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Letter to the editor

Vote for hospital tax was not pro-business

POSTED: June 2, 2013 8:00 a.m.
 

The Georgia Chamber issued a scorecard a few weeks back giving grades to legislators for votes they perceive as pro-business. The grades given are [for votes] “that the Georgia Chamber believes will directly impact the business community in areas including education and workforce, civil justice reform, business climate, health care and economic development.”

One particular vote graded was SB 24, the Hospital Bed Tax issue. A legislator that voted yes for SB 24 was scored higher than one who voted no. Problem is the legislator that voted no should be given the higher grade.

The Georgia Constitution gives taxation authority to the house, because it is the closest to the people. SB 24 transfers that authority to the Department of Community Health. The legislators that voted yes for SB 24 actually radically altered the Georgia Constitution and nullified the people’s power to levy taxes.  

SB 24 empowers the Department of Community Health to assess a 1.45 percent to 6 percent tax on sick people in hospital beds. With this tax they raise a bucket of money enabling them to go hat-in-hand to the general government in Washington, D.C., to get an approximate 3-to-1 Medicaid match, money they don’t actually have. This printed money is redistributed back to the hospitals under the guise of providing health care to the poor. Nothing could be further from the truth.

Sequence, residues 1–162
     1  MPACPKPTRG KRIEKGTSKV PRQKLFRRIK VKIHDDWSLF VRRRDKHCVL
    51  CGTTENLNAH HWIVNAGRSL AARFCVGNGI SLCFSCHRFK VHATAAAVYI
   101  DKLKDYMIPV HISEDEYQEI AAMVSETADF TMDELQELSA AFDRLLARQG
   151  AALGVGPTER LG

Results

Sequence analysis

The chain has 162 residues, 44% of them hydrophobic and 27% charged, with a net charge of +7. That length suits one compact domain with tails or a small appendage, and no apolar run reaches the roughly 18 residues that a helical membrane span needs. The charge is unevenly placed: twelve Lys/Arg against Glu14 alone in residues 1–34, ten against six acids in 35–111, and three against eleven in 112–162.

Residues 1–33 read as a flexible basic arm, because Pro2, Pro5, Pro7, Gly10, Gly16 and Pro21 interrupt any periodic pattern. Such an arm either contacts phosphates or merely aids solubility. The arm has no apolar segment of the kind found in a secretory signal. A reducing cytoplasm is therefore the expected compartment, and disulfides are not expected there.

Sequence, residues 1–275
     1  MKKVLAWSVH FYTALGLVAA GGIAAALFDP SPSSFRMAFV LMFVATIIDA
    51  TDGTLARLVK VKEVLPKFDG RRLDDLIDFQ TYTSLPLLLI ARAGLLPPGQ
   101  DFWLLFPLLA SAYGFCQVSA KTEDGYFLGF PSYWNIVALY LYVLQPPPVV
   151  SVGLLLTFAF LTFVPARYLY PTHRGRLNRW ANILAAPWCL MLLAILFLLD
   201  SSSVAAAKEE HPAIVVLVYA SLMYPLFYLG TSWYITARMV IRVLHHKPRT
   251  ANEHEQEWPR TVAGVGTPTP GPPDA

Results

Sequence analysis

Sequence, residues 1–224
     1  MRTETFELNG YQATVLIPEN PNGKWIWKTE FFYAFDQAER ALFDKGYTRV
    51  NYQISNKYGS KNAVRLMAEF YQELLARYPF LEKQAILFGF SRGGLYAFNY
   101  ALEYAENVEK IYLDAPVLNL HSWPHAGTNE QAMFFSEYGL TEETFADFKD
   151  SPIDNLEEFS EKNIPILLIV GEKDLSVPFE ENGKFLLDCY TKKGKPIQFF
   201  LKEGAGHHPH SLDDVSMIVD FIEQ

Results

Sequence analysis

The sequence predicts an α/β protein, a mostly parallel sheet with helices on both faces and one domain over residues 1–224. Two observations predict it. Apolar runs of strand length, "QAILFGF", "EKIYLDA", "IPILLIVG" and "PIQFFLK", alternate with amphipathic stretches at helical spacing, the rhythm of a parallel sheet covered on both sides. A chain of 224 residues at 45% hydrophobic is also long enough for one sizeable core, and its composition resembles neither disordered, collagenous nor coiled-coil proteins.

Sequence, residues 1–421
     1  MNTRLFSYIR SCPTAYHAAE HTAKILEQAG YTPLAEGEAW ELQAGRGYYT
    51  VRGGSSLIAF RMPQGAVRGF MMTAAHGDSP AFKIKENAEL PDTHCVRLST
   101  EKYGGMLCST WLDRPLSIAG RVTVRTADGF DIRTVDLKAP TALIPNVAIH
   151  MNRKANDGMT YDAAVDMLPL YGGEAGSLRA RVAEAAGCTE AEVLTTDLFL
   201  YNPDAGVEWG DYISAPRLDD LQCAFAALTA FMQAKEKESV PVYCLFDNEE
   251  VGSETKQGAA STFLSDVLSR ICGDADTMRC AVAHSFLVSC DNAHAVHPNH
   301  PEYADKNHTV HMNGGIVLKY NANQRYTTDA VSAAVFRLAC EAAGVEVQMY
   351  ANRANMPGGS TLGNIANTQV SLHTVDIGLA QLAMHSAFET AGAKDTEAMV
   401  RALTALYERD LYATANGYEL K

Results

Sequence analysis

As the printed money floods into the health care industry, costs go up, initiating reimbursement cuts to providers and rationing of care. Providers can no longer afford to see patients in their office, so those patients end up in emergency rooms where the cost is higher. Fewer poor people get health care,  but the hospitals get their money to keep the janitors and secretaries in jobs. Simply put, SB 24 isn’t about health care, it’s a Medicaid/welfare jobs program. The legislators that voted yes for SB 24 should be voted from office.

The chamber of commerce is no longer a stand-alone entity that promotes business. The chamber of commerce promotes big government and that actually hurts small businesses and the citizens of this great state.

 

Bill Evelyn

Cumming

 

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